Awad says the scenarios were designed to incorporate diverse and inclusive subjects based on race, ethnicity, gender, and more. However, she acknowledges the scenarios did not incorporate neurodivergent or physical and unseen disabilities. This is something they will consider for future course design.
Participants were surveyed before and after the workshop. While many students at the beginning of the semester ranked their understanding of the future of work between "not well" to "well", it was clear that they had a pulse on current workplace trends.
When asked to define what the future of work means at the start of the first session, the following terms were shared: flexible, AI, technology, human-centric, challenging, value-centered, upskilling, agility, environmentally sustainable, diverse, and profitable. The post-workshop survey showed an increase in the participants' understanding of the future of work, which went from "not well to well" to "well to extremely good understanding".
Interesting solutions were presented by the students when it came to the various scenarios. For Impression Management and Proximity Bias, students explored in-person social events and often presented in-person solutions. It was clear that this generation of workers appreciates the flexibility of being hybrid, but thrives on in-person human connection, especially when in-person obligations are centered on socializing, relationship building, and entertainment.
Insights for educators
The workplace is dynamic. It will be interesting to see which topics will resonate with future students. But a few observations could help educators who are contemplating offering practical courses on modern workplace prep:
Integrate diversity, equity, and inclusion into each and every example. The workshop used scenarios where workers were from different countries, used different pronouns, and had different professional experiences. There was also some discussion around mental health.
Bring external speakers to share real-life examples. During an "Upskills/Reskill" week, the participants were joined by a guest from UpWork to describe the freelance world, to consider how the word "remote" is the most searched word on job search platforms today, and also to share how some big companies use the platform.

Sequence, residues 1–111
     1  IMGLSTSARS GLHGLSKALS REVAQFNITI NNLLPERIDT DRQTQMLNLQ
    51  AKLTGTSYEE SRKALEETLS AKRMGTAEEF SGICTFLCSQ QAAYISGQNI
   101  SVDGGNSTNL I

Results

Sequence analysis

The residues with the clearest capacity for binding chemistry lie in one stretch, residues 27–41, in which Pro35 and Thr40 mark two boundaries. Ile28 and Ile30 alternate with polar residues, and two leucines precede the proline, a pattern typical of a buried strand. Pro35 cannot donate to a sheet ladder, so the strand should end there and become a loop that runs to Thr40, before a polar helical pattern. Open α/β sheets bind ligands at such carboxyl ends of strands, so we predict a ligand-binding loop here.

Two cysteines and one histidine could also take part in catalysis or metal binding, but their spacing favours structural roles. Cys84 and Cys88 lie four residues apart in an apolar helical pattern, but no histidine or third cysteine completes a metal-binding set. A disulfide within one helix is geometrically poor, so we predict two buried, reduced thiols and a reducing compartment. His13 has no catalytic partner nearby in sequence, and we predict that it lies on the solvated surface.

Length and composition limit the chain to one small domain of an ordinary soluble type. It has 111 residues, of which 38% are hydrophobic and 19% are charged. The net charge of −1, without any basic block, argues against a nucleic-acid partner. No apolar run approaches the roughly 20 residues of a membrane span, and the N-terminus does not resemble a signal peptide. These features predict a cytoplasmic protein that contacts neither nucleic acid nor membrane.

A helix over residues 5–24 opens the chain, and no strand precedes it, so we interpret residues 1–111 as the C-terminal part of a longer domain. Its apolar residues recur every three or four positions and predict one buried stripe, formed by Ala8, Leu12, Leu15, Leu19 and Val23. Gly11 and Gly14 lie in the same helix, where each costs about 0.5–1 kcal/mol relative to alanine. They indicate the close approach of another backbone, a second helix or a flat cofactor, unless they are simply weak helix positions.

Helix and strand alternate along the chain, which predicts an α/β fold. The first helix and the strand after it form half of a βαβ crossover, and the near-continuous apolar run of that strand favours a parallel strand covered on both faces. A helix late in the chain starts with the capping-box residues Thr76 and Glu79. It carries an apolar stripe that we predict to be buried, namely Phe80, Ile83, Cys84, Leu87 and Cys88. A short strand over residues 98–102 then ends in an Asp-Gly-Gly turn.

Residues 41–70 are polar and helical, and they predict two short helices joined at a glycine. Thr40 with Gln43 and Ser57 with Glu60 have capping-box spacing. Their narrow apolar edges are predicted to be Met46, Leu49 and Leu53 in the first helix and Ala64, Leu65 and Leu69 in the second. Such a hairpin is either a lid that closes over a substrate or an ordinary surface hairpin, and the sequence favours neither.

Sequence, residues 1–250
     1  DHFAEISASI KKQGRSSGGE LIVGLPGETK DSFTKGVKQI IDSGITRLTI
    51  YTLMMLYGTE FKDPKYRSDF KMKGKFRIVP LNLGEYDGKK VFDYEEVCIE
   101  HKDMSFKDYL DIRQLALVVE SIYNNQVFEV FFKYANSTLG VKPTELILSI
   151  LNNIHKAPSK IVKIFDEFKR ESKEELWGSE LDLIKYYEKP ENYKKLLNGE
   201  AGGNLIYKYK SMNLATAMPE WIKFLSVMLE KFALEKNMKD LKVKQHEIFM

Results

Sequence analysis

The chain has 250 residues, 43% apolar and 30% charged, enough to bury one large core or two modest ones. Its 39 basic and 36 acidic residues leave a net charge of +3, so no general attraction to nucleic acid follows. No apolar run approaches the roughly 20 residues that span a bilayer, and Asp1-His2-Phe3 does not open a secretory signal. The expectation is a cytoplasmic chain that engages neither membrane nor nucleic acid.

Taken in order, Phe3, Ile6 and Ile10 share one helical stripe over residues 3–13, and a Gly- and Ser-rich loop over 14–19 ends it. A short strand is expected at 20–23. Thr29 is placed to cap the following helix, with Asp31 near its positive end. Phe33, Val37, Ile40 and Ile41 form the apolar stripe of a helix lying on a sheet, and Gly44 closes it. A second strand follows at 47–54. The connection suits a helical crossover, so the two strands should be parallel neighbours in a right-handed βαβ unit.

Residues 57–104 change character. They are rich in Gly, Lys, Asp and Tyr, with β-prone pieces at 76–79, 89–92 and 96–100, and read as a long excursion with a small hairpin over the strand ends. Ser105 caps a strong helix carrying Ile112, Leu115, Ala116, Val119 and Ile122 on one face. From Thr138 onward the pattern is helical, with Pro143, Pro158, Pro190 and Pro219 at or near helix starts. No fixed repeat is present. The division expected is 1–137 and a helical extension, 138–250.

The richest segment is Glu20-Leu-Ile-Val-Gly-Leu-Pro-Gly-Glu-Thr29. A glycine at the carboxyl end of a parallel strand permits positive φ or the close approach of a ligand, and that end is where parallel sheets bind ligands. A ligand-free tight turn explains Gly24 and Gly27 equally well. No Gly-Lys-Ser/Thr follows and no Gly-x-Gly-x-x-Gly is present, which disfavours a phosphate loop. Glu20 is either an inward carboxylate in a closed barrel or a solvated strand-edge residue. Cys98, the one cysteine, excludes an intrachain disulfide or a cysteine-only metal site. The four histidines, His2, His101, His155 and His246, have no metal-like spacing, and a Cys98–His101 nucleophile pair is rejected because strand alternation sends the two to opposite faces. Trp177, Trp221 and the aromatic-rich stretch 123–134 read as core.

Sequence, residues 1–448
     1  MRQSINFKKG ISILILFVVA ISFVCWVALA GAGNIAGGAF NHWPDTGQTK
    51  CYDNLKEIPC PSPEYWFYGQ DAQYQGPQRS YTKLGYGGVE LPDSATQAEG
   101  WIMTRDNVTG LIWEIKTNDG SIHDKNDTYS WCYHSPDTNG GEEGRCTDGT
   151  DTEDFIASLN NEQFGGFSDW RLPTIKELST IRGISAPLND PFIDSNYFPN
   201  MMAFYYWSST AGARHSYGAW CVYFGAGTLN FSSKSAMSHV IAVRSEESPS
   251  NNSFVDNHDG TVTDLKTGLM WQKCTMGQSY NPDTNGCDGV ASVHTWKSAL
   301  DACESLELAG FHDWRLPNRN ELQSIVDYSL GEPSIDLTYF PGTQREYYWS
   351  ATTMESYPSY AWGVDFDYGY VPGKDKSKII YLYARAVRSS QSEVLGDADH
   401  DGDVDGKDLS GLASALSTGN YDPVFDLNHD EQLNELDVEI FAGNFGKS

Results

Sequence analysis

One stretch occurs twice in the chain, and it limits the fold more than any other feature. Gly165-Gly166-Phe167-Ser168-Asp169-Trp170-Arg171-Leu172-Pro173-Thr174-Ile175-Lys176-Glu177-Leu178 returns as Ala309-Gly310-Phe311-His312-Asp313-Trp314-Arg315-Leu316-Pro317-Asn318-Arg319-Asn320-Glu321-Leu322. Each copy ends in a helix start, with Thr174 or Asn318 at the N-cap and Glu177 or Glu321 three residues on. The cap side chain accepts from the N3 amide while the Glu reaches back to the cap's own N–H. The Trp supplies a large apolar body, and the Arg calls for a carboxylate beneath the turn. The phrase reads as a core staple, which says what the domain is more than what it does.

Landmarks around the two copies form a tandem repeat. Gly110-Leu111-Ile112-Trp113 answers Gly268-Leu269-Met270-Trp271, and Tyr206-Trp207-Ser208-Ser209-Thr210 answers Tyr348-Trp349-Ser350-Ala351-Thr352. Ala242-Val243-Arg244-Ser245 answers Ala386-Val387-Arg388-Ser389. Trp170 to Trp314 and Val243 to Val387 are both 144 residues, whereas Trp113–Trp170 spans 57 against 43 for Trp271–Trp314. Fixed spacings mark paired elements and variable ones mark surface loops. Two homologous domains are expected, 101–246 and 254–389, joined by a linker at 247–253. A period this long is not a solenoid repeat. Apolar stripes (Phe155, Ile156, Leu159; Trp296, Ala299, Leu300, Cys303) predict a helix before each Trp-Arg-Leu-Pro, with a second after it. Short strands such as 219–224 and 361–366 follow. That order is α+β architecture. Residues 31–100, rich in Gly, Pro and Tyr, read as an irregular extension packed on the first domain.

Have students work on teams and conduct formal presentations. This format helps achieve important workplace skills like communication, teamwork, presenting, influencing, and negotiating. After all, these are still highly sought-after skills among business school corporate recruiters. Making sure teams are diverse is useful and reflective of what students will soon face in the workplace.
Recommendations and discussion
Lily Awad gives us her feedback on the workshop: In just four weeks at one and a half hours per session, we were not able to cover all the topics we had liked to. We recommend faculty work closely with their campus career development teams to bring this element of teaching into the classroom. We also find it critical that organizations collaborate with higher education institutions as a way to ensure faculty recognize and understand employable skills and hybrid trends, and work towards teaching them.
Topics around modern workplace scenarios seemed well received. Students called the workshop "eye-opening" and provided the following additional feedback: "I have more awareness of the different concepts due to the discussion and suggested tools and how [I] can utilize them to advance in my career", and also, "I loved the team exercises and the opportunity to learn different perspectives", and finally, "I learned a lot about new trends and opportunities that I have, a lot of them I have never considered before."
Overall, it was a fun experience and we look forward to collaborating with campus partners to diversify our portfolio of modern workplace offerings.
This article was co-authored by Lily Awad, adjunct instructor and senior associate director at Babson College's F.W. Olin Graduate School of Business, where she works with MBA and MS students, designs career education curricula, and teaches.